Tim Ebner is communications director and press secretary at the American Forest & Paper Association in Washington, DC. He is a member of ASAE’s Communication Professionals Advisory Council and a former Associations Now senior editor.
Board portals are helping to bring board members closer together and serve as a central hub for an exchange of resources and information. Increasingly, these platforms are being used to share meeting minutes, record votes, and deliver secure communications. And in some cases, the tool is being passed on as a member benefit.
An opportunity to improve governance operations quite literally tapped Tim Alexander on the shoulder more than three years ago.
Alexander, vice president of finance and administration for the Association of Independent Colleges and Universities of Pennsylvania, was attending a meeting when a colleague from the Independent Colleges and Universities of Florida introduced him to a digital portal that engages boards of directors through a mobile interface.
Alexander is now AICUP’s board administrator responsible for circulating critical documents, including proposals, meeting minutes, finance reports, and voting records, all of which contained sensitive business information.
“Imagine emailing a 30- or 40-page document to your board members—a file so big, sometimes it didn’t send,” Alexander says. “That’s what we and our member organizations faced when it came to meetings.”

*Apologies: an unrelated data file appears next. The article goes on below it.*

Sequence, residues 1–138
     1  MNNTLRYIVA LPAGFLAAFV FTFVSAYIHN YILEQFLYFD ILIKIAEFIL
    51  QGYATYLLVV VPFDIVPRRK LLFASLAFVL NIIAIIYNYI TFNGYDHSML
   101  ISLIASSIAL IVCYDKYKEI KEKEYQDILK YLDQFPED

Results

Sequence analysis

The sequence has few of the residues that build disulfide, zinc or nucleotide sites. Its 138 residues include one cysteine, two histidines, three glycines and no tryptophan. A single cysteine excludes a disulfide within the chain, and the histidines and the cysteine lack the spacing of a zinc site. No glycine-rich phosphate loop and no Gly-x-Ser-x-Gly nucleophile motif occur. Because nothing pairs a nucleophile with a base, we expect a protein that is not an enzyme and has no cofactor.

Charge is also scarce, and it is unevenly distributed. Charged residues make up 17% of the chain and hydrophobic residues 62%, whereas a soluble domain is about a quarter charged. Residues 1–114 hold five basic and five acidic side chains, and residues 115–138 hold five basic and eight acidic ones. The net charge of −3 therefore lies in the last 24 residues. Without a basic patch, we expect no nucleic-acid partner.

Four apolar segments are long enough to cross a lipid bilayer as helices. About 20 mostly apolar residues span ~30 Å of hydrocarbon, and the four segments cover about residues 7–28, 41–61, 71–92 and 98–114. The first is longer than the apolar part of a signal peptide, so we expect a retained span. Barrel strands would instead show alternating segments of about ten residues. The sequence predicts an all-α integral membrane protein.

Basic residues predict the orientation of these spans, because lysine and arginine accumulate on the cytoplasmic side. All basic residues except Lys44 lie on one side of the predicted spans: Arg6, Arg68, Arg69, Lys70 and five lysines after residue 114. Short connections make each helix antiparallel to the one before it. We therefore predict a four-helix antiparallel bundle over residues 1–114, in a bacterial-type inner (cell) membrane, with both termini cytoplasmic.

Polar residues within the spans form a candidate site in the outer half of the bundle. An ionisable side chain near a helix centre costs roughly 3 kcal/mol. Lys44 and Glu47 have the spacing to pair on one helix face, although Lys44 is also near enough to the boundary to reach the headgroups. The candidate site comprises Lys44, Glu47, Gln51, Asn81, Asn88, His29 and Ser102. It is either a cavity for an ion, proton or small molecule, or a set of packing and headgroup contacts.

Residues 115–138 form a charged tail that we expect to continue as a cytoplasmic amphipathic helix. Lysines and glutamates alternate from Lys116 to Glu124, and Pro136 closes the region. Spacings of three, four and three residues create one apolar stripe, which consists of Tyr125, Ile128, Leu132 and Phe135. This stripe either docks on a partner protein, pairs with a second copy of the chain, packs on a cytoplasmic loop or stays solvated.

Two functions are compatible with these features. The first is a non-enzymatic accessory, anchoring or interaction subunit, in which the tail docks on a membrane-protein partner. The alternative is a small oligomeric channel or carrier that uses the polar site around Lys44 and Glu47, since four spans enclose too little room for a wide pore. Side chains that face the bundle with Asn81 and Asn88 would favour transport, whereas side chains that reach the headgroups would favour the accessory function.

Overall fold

Not only was the process daunting, but it was also time-consuming without a secure online portal.
Alexander surveyed his members, 89 private colleges and universities, and found that there was no single solution for efficient and secure e-governance. Many members shared correspondence and documents using university email, homegrown software, or password-protected intranet spaces.
We got here by training our board members and institutions on how to use the tool, then we gave them enough space to experiment with its many uses. — Tim Alexander
“We needed a better way to accumulate documents and make governance work effectively,” Alexander says. “What we found was that a secure board portal allowed our staff and board members to share documents from anywhere and on any device.”
The portal AICUP selected, called BoardEffect, relies on security-based permissions, which are designated by staff role—board member, administrator, senior management, corporate secretary, or IT staff. It allows AICUP’s staff and 22 board members to speed up collaboration by uploading files, annotating documents, and collecting votes remotely.
The portal has also created a “trickle-down e-governance effect” that’s benefiting AICUP’s member institutions, Alexander says. Under a software licensing agreement, members can register to use the portal with their own boards at a discounted rate. In just three years, the list of participants has grown from four member institutions to just under 30.
And the board portal has brought the association closer together. Board members and institutions share communications about procurement projects, research, and advocacy through the portal. And in one instance, a member college is using it to manage its 200-member faculty senate.
“Our board portal has become a central hub and shared resource with tremendous member value,” Alexander says. “We got here by training our board members and institutions on how to use the tool, then we gave them enough space to experiment with its many uses.”